Like in any other profession, being a web designer requires continuous learning. It pays to be extra knowledgeable about tools that can help make your creations stand out. Consider adding these twelve free tools for web design (plus one "sister site") to your arsenal, working to take your skills and designs to the next level.
If you're curious about a site's design framework, its DNS, and apps installed, try Built With. Simply type the URL of the site in question and hit "look up." The result will show what elements are installed, allowing you to use that information to create or embellish your own web designs. This tool is extremely handy whenever you get so awestruck by an impressive site and become curious about the "engines" behind it.
Tip: Start with testing your own site and other popular sites to see the "back-end" apps used.
Tip: If you're a self-taught person, this site can truly improve your skills.
WAVE Web Accessibility Evaluation Tool
Can persons with disabilities effectively use your site? To find out, use WAVE. You just need to type in the URL and click "return." The WAVE engine will provide a summary of any errors, alerts, and structural elements that can be used to improve the site's overall accessibility.
Tip: WAVE is just one of numerous accessibility evaluation tools out there. It's one of the easiest to use and doesn't require registration.
HTML Code Editor
Preview how your HTML code really looks like for front-end users so you know what's missing or broken, if anything. To use this free HTML Code Editor, simply type in or copy-paste the HTML code into the box on the left; the preview will show on the right.
Tip: The tag wizard comes with pre-coded tags that you can use to be included in your project. You can add your own tags as well.
With so many browser apps on numerous devices, how can you be sure that your site looks good on them all? Try Browser Shots. Type in your live URL and select the browsers to check, including multiple versions on different platforms.
Tip: It may take a while for the previews to come up, so be patient.
Creative Commons Search
Creative Commons Search is a portal for locating images, videos, and music clips under Creative Commons rights. Digital assets licensed as such oftentimes can be used freely for both personal and business uses, including sharing and adapting as long as you provide a credit to the creator and indication if changes have been made. Be sure to double check the version of the Creative Commons license, as permissions can vary. This portal includes direct search to popular sources, like Flickr, Google Images, SoundCloud, YouTube, Pixabay, Jamendo, and others.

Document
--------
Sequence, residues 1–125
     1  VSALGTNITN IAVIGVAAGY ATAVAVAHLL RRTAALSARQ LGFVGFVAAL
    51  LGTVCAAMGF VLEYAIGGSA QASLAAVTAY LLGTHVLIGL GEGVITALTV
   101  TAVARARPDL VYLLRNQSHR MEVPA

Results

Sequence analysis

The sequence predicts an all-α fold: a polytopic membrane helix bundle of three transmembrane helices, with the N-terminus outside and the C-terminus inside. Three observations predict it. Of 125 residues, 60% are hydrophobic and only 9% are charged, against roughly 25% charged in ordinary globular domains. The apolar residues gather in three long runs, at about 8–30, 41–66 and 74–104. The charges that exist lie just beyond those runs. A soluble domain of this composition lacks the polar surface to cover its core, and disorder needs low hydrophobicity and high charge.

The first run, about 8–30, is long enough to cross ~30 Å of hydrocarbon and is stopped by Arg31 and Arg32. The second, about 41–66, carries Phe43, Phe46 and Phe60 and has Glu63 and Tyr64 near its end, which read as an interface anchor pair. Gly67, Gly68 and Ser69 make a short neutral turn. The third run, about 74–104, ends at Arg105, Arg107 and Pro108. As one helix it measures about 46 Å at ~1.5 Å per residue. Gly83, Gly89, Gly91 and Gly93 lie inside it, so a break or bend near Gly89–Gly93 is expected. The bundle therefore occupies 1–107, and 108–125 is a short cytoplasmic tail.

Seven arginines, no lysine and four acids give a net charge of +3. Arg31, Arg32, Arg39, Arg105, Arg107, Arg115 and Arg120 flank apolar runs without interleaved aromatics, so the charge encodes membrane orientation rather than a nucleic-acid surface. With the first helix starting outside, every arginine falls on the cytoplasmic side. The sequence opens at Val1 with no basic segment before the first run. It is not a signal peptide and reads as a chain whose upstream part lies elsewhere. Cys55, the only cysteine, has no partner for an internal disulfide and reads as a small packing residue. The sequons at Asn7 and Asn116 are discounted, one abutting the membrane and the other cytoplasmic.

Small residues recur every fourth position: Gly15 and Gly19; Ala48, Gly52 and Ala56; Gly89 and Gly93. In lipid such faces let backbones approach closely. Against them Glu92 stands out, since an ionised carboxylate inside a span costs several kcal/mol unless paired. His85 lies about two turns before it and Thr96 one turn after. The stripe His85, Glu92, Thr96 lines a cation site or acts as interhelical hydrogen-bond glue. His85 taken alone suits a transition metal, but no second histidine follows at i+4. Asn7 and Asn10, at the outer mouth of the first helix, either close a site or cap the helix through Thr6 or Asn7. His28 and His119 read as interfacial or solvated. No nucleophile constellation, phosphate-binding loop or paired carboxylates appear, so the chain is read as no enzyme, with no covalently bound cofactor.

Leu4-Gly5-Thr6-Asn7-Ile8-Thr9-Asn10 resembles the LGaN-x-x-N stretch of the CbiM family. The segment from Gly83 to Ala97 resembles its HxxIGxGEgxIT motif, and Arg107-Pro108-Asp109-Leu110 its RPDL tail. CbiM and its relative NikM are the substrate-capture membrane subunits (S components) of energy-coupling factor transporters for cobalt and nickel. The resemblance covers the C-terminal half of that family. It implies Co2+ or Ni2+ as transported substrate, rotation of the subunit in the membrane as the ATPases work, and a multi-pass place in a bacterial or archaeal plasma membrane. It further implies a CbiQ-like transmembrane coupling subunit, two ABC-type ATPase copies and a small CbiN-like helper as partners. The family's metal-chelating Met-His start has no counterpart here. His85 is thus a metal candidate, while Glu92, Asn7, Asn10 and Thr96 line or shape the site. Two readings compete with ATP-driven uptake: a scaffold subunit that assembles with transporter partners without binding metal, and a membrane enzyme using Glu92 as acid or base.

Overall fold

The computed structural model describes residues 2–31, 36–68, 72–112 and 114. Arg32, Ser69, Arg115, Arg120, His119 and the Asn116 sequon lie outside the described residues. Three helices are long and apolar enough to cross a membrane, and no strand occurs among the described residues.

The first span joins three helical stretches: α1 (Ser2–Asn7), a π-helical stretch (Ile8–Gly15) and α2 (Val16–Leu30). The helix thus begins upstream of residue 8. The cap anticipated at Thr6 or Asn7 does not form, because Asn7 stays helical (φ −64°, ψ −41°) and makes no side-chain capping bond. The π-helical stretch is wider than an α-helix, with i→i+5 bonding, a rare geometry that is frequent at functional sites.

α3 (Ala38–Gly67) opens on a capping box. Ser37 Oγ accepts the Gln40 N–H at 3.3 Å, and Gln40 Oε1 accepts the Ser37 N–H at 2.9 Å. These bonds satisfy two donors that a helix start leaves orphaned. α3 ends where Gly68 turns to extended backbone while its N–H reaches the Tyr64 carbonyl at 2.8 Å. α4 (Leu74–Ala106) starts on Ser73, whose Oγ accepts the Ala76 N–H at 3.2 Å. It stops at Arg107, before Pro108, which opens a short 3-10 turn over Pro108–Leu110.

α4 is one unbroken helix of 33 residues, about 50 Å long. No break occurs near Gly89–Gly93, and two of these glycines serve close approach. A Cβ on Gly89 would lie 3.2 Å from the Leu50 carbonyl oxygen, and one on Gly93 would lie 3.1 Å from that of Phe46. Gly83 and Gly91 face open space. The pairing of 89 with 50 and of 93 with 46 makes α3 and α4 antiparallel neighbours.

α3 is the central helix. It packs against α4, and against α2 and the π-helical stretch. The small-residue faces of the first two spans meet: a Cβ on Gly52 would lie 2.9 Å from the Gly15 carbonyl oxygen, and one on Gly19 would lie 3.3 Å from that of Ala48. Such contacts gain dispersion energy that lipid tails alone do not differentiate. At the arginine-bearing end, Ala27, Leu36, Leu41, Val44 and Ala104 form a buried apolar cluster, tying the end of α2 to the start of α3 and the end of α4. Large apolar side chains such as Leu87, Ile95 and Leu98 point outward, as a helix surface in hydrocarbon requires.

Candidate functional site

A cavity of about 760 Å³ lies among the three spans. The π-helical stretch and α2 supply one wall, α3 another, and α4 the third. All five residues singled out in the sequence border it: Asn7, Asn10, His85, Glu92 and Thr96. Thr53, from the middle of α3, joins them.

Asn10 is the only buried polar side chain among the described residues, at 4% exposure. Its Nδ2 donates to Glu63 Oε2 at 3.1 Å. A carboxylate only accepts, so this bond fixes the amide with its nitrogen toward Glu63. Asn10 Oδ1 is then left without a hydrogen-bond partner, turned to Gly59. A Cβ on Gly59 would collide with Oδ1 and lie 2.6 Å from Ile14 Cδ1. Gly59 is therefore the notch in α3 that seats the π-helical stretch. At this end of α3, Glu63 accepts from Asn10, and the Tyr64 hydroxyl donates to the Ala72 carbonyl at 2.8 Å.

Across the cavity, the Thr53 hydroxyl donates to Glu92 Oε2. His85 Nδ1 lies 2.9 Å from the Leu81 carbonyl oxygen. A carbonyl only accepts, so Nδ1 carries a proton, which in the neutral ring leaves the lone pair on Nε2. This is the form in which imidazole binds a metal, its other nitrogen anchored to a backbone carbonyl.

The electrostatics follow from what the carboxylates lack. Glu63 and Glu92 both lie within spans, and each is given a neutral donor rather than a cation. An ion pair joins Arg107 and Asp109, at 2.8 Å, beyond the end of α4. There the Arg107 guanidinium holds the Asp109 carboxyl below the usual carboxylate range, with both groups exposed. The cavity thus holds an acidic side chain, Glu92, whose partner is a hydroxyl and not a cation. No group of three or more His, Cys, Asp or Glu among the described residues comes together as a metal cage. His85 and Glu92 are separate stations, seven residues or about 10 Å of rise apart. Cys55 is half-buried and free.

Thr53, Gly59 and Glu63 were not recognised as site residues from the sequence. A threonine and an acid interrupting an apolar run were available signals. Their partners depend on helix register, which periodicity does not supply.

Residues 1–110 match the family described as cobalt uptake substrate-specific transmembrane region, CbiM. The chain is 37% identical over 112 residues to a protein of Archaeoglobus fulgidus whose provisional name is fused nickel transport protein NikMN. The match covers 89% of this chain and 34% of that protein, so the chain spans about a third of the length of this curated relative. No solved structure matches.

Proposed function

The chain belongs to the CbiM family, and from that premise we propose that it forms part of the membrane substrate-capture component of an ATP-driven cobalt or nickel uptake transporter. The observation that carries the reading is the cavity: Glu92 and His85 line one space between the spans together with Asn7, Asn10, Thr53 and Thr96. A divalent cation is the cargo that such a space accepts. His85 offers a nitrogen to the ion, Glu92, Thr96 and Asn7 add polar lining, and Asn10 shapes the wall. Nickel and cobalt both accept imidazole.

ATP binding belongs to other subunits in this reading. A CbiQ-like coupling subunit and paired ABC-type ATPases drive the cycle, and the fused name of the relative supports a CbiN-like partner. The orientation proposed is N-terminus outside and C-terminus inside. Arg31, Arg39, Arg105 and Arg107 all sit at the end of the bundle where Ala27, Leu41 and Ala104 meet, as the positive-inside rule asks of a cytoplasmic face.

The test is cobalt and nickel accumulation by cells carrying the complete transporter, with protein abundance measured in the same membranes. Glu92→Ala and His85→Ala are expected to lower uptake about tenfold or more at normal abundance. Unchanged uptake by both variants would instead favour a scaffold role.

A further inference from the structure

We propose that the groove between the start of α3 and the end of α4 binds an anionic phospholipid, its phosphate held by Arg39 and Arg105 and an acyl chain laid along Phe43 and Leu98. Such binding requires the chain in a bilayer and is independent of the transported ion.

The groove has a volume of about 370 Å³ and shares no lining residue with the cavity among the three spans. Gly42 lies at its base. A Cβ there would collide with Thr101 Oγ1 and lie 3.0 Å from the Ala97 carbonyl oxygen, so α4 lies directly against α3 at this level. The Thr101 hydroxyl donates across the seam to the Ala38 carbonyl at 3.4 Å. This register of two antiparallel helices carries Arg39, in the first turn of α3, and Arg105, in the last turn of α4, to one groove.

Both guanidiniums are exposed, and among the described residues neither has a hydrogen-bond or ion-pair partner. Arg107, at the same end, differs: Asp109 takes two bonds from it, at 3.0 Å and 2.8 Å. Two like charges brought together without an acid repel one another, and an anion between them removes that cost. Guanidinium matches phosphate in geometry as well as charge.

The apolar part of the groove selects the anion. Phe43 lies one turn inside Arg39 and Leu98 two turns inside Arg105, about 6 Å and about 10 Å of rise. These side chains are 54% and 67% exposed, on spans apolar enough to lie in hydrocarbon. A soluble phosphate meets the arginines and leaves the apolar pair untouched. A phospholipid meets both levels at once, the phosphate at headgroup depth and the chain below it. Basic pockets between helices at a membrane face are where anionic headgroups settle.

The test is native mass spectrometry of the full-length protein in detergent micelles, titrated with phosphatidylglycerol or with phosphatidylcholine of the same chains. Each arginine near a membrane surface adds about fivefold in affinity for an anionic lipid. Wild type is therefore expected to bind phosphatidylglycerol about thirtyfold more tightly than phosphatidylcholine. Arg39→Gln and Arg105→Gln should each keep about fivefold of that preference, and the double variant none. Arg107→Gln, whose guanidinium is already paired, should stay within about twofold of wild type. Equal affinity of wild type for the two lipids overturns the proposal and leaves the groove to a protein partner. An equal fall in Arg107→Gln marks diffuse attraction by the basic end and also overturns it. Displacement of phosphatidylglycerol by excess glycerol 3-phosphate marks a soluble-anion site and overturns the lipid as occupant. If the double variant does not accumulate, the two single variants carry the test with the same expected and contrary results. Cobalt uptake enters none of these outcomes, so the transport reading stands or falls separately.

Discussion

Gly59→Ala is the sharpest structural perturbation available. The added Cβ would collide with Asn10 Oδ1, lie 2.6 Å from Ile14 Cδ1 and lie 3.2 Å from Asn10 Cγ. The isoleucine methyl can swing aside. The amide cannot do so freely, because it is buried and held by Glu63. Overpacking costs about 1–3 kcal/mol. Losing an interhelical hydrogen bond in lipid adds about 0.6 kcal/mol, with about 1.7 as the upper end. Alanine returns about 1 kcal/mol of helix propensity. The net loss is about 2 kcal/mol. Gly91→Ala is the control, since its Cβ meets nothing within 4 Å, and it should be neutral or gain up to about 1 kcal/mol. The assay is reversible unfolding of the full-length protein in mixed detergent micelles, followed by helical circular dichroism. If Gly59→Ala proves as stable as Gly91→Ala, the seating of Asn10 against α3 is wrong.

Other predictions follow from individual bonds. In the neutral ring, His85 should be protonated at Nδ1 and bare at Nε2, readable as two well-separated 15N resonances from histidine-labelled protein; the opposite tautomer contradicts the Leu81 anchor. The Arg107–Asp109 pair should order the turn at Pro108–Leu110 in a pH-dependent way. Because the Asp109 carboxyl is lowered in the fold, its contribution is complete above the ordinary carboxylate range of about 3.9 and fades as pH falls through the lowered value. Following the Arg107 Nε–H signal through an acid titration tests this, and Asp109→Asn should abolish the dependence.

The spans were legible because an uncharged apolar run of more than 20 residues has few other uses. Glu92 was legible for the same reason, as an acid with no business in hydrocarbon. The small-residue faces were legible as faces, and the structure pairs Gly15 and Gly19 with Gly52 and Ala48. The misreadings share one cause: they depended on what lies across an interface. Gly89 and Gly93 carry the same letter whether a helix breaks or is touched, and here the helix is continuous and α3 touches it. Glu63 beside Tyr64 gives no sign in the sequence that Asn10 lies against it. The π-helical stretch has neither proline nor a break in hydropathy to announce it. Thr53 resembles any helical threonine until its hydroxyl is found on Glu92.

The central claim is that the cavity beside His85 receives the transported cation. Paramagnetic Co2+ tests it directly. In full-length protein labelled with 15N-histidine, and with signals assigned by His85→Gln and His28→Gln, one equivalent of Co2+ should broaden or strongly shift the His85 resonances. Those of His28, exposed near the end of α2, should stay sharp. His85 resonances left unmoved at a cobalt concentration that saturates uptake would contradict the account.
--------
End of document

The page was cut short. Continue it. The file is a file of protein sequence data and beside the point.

Tip: Locating Creative Commons assets on this site is very convenient. You no longer need to jump from site to site to look for royalty-free elements to use.
Psychology of Color in Marketing and Branding
Published on Entrepreneur.com, Psychology of Color in Marketing and Branding is a comprehensive article exploring how color can impact the user experience. This is invaluable to a web designer. After carefully reading this piece, you can use the information to brainstorm and educate your clients that sometimes what they like might not be the best colors to attract the intended visitors.
Tip: Keep this article handy when discussing color palettes with your clients.
Color by Adobe
Color by Adobe is one of the best color wheels out there. You can easily drag the cursor anywhere to change the color schemes. You can use the rules of colors or explore ready combinations and themes. With literally thousands of color combinations, there must be one that you or your client will love.
Tip: Play around and be amazed at the infinite choices available. You can use this web tool without signing in.
Find free high-resolution pictures for personal and commercial purposes without any copyright restrictions at Gratisography. The whimsical category is hysterical, which is ideal for finding light-hearted and funny images for blog posts or any other projects.
Tip: Be aware that there are paid images linked from Shutterstock. Those aren't free and you must have an account with Shutterstock to download them.
Mockupworld is the place to find mock-ups of smartphones, laptops, T-shirts, books, signs, billboards, and packages. These are blank images onto which you can add your own or your client's logos or images.
Tip: Mockupworld offers both free and paid mock-ups of anything you can imagine. If you sign up, you can download anything on their site for free for seven days.
To illustrate a website, sometimes you need to create images with textured backgrounds. Texture King gives away tons of images of dirt, plaster, concrete, rust, wood, paint, stone, rock, metal, plastic, liquid, and many others. When you combine those images with other images, the result can be breathtaking.
Tip: The images are available under Creative Commons, meaning you must attribute the source and the resulting work can't be redistributed without prior permission.
If you use PhotoShop or a substitute like Pixelmator, you will find these PSD brushes, patterns, and textures offered for free by Brusheezy useful. They can be used to create new images and manipulate existing images with professional results. Sister site Videezy provides free video clips, which are also very useful when designing sites with a video header.
Tip: While the digital assets offered at both sites are available under Creative Commons, these sites also sell paid images by Shutterstock. Be aware of the paid sections, so you don't mistakenly download paid assets.
Lifelong Learning for Web Designers
Many web designers are self-taught. With so many free tools and resources online, there is no excuse not to upgrade your skills. You simply need to look and search for specific things that you need. Most likely, they're available without cost (at least during the trial period). Happy learning!